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dc.contributor.authorAamodt, Geir
dc.contributor.authorSamuelsen, Sven O
dc.contributor.authorSkrondal, Anders
dc.date.accessioned2015-10-09T01:04:50Z
dc.date.available2015-10-09T01:04:50Z
dc.date.issued2006
dc.identifier.citationInternational Journal of Health Geographics. 2006 Apr 12;5(1):15
dc.identifier.urihttp://hdl.handle.net/10852/46402
dc.description.abstractBackground Cluster detection is an important part of spatial epidemiology because it can help identifying environmental factors associated with disease and thus guide investigation of the aetiology of diseases. In this article we study three methods suitable for detecting local spatial clusters: (1) a spatial scan statistic (SaTScan), (2) generalized additive models (GAM) and (3) Bayesian disease mapping (BYM). We conducted a simulation study to compare the methods. Seven geographic clusters with different shapes were initially chosen as high-risk areas. Different scenarios for the magnitude of the relative risk of these areas as compared to the normal risk areas were considered. For each scenario the performance of the methods were assessed in terms of the sensitivity, specificity, and percentage correctly classified for each cluster. Results The performance depends on the relative risk, but all methods are in general suitable for identifying clusters with a relative risk larger than 1.5. However, it is difficult to detect clusters with lower relative risks. The GAM approach had the highest sensitivity, but relatively low specificity leading to an overestimation of the cluster area. Both the BYM and the SaTScan methods work well. Clusters with irregular shapes are more difficult to detect than more circular clusters. Conclusion Based on our simulations we conclude that the methods differ in their ability to detect spatial clusters. Different aspects should be considered for appropriate choice of method such as size and shape of the assumed spatial clusters and the relative importance of sensitivity and specificity. In general, the BYM method seems preferable for local cluster detection with relatively high relative risks whereas the SaTScan method appears preferable for lower relative risks. The GAM method needs to be tuned (using cross-validation) to get satisfactory results.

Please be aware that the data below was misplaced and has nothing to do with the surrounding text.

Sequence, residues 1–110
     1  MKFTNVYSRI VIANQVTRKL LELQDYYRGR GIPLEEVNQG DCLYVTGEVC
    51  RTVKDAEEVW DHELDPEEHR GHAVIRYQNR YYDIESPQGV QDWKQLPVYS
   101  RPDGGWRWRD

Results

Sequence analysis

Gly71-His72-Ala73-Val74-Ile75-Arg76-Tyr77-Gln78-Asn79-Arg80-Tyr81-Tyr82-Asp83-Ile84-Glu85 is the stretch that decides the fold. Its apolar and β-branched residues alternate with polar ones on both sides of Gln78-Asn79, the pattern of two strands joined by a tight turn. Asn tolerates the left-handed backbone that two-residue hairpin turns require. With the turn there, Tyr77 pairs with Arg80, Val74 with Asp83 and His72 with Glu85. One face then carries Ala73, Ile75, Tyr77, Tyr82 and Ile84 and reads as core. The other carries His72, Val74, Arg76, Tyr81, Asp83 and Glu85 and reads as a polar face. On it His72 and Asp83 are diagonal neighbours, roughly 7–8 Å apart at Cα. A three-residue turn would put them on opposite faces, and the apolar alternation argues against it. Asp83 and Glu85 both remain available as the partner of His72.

dc.language.isoeng
dc.rightsAamodt et al; licensee BioMed Central Ltd.
dc.rightsAttribution 2.0 Generic
dc.rights.urihttp://creativecommons.org/licenses/by/2.0/
dc.titleA simulation study of three methods for detecting disease clusters
dc.typeJournal article
dc.date.updated2015-10-09T01:04:51Z
dc.creator.authorAamodt, Geir
dc.creator.authorSamuelsen, Sven O
dc.creator.authorSkrondal, Anders
dc.identifier.doihttp://dx.doi.org/10.1186/1476-072X-5-15
dc.identifier.urnURN:NBN:no-50530
dc.type.documentTidsskriftartikkel
dc.type.peerreviewedPeer reviewed
dc.identifier.fulltextFulltext https://www.duo.uio.no/bitstream/handle/10852/46402/1/12942_2006_Article_92.pdf
dc.type.versionPublishedVersion
cristin.articleid15


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